I just came across a fine article at "The Best Years of Music" on '60s R&R singer Del Shannon. I hate to date myself (though I save $50 a weekend when I do), but I personally learned a key business lesson from this early rock maverick. More on that in a moment.
Shannon—whose real name was Charles Westover—heard my LA rock band, The Band of Angels, at a small nightclub in the San Fernanco Valley in the early '70s and expressed an immediate interest in producing us.
In addition to his success as a recording artist (known for his piercing falsetto and highly original compositions), Shannon had produced hits for others ("Baby It's You" by Smith and "Gypsy Woman" by Brian Hyland), and had discovered Bob Seger a few years earlier. He was also the first American artist to recognize the Beatles' songwriting potential—after they had opened for him in London in 1963—and got his own version of the Beatles' "From Me to You" onto the US record charts long before they did.
So when Shannon dubbed us "a combination of the Rolling Stones and Everly Brothers" we took notice. But not enough notice, apparently, because we got busy and he got busy, and nothing came of it. (Come to think of it, that seemed to happen a lot in my music career at the time.)
But we did get to play a concert with Shannon at the Hollywood Bowl in 1972, a highlight of my rock & roll years. But back to the business lesson.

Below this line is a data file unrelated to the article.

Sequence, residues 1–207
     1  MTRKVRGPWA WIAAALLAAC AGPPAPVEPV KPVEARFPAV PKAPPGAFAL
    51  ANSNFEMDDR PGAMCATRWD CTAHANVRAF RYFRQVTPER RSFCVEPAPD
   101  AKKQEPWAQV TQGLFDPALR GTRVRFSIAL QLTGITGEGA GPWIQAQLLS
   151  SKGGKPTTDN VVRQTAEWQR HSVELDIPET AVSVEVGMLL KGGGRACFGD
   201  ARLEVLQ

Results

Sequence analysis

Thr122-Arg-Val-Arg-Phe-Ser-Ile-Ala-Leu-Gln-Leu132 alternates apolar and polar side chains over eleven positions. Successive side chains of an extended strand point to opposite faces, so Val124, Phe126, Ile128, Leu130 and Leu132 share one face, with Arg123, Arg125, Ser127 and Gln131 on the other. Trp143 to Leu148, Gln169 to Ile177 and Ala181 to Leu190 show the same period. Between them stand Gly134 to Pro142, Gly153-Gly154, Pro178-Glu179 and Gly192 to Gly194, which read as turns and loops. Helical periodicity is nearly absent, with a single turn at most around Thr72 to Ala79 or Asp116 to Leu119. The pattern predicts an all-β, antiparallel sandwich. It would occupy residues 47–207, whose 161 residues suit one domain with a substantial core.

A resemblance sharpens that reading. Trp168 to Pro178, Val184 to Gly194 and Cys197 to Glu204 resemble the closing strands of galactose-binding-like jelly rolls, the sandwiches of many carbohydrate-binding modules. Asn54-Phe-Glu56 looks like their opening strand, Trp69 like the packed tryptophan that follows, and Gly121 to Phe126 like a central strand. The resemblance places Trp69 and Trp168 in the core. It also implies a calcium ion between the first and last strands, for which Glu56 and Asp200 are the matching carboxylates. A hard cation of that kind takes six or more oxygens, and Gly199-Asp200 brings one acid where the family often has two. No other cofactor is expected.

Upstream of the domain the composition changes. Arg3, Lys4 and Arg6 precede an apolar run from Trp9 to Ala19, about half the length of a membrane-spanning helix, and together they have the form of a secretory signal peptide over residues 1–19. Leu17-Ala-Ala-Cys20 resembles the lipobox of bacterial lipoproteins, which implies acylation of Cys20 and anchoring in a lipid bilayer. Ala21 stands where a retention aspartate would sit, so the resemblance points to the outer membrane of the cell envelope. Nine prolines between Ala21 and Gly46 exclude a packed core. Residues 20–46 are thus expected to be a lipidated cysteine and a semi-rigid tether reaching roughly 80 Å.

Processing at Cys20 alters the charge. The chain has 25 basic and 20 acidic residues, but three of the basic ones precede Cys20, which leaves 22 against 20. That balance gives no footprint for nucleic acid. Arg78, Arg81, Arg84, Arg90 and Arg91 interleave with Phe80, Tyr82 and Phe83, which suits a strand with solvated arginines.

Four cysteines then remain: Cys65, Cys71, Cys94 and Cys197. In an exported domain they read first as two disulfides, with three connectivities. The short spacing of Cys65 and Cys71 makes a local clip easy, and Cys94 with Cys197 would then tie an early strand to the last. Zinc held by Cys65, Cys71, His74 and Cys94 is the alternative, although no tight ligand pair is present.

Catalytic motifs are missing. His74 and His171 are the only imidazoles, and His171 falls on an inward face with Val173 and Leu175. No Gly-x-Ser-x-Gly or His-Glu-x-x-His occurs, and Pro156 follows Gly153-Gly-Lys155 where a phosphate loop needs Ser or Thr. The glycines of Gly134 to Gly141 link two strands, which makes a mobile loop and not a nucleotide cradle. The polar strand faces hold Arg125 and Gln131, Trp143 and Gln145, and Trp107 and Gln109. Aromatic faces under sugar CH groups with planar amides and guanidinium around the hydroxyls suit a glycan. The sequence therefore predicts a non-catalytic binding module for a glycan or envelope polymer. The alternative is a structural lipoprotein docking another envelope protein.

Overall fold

Shannon was the first fellow I met who beat me over the head with the message that the serious dollars in the music biz are to be made from songwriting, not from making records and touring. (Merchandising was not on anyone's radar in those days.) He exhorted me and my band mates to write, write, write. (And then write some more.)
He didn't use the term "passive income," but that's what he meant. Hit songs lead to ongoing revenue streams for songwriters—due in part to "performance rights income" from radio play—that can last long into retirement. (There's even more dough to be made if you have a share of the publishing income.) Nowadays every financial self-help guru says the same thing: passive income is the path to freedom.
Del Shannon followed his own advice and had nearly a dozen hits in the US (more in the UK), including three top-tens—"Runaway," "Hats Off To Larry" (a hit forty-nine years ago this month), and "Keep Searchin' (We'll Follow the Sun)."
Now it's true he was wired pretty tight and a bit of an eccentric. (When he shared the bill with other artists on the rock reunion tours, he was known to come back for an encore even after the next act had been introduced by the MC—always a delightful surprise for everyone involved.) But he was a fun guy to be around, and a highly talented singer/songwriter/guitarist.
Here's a live 1988 performance of a Peter & Gordon classic—which most people don't realize Shannon wrote.